Lifetime Investing - Begin as a Kid
Many people begin serious investing in the stock market when they reach their forties and fifties. With retirement coming in a few years they attempt to play catch up and hope for large returns to fund their retirement nest egg. To this end more than half the families in the United States are invested in the stock market. Why do they choose to own stocks? Because for the last 100 years the returns from the stock market have outpaced other popular kinds of investments like bonds and certificates of deposits.
But the stock market doesn't go up every year. In fact there have been periods when the stock market went down for several years or was flat for many years. If you are middle age and happen to invest during an off period, you may not accumulate enough money in your stock portfolio to fund your retirement. However, if you invest at a very young age and hold your investments for a long time, say 40 or 50 years, you can counteract the ups and downs of the market and you will have a very good chance of making lots of money. The secret is to invest for a long time.
The message of this article is to start investing at the earliest possible age. With a rising long-term stock market and many years of investing, you are almost certain to achieve large long-term returns. For example, $1,000 invested each year in the United States stock market from 1954 to 2003 grew to $537,493 as of June 25, 2004. So a $50,000 investment grew 10 fold. This simple example shows that you don't have to be wealthy to make money in the market. You simply need a modest amount of money, discipline to invest regularly and lots of time. Obviously no one knows what the future will bring for the stock market but if you assume the long-term future will be somewhat like the last 50 years, you should make lots of money investing in stocks.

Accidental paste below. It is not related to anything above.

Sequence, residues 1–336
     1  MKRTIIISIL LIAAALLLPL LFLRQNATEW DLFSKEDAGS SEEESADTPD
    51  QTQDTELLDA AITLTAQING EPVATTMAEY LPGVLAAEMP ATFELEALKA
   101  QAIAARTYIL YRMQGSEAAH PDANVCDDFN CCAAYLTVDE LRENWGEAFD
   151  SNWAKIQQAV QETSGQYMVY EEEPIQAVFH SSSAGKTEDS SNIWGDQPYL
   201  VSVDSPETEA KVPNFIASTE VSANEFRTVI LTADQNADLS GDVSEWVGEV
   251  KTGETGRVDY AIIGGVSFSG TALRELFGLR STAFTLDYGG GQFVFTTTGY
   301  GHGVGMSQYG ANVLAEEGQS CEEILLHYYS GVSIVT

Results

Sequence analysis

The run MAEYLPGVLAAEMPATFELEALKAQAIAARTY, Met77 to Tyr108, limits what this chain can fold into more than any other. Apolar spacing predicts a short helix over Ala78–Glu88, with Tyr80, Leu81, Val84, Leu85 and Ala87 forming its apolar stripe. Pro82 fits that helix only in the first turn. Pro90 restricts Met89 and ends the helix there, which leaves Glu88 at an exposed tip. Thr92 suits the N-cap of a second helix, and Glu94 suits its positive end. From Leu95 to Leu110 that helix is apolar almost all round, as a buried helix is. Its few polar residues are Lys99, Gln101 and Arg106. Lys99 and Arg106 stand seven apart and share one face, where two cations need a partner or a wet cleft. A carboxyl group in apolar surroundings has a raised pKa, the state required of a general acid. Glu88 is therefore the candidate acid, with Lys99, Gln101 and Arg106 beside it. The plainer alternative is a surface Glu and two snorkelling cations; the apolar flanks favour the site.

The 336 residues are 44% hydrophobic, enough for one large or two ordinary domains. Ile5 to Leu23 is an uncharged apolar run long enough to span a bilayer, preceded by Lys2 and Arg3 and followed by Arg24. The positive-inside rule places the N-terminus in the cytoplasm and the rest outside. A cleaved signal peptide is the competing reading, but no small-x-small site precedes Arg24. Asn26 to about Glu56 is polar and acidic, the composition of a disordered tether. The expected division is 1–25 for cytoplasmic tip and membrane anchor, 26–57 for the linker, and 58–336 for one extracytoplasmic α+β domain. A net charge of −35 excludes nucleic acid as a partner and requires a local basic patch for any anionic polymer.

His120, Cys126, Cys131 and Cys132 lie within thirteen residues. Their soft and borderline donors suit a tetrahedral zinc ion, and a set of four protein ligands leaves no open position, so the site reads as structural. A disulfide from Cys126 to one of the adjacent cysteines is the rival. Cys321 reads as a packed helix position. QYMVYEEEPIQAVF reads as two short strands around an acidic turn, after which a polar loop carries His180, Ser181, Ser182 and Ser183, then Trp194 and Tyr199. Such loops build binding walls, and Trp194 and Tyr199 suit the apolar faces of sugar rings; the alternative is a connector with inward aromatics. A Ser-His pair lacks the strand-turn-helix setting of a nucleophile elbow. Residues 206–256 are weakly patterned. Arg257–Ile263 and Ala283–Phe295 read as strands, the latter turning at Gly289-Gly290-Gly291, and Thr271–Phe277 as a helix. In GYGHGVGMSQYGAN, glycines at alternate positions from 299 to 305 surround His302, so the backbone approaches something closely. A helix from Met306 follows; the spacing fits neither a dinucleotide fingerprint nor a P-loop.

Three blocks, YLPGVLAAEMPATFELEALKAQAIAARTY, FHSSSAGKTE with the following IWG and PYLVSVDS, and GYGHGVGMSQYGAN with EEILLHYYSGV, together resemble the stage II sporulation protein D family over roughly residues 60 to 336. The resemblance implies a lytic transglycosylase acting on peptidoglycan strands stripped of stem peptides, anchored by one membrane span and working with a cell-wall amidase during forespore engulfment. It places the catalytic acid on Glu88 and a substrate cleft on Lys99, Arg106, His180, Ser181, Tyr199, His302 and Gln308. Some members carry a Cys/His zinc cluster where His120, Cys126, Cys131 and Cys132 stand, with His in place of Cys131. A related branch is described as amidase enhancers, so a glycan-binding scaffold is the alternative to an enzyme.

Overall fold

This article is written for teenagers and young adults and their parents may be interested in it as well. The purpose of the article is to convince young people to start investing while in high school or before thus ensuring a financial secure retirement. The article gives young people step-by-step instructions how to prepare a savings and investment plan, open an individual retirement account, select a low-cost financial institution to house the account, select safe stock investments, and make systematic investments.
Just imagine how much money you could accumulate if you started a systematic savings and investment program when you are 18. And then you continued the program throughout your adult life.
Where Does a Young Person Get Money to Invest?
Teens and young adults have lots of money at their disposal. Many receive a regular allowance from their parents. Many have part-time or full-time jobs. Most kids receive money from their parents and relatives on birthdays, special religious celebrations and holidays. Some are given money for academic and other achievements. Often high school and college seniors receive money as a graduation present. And cash gifts are common as wedding presents.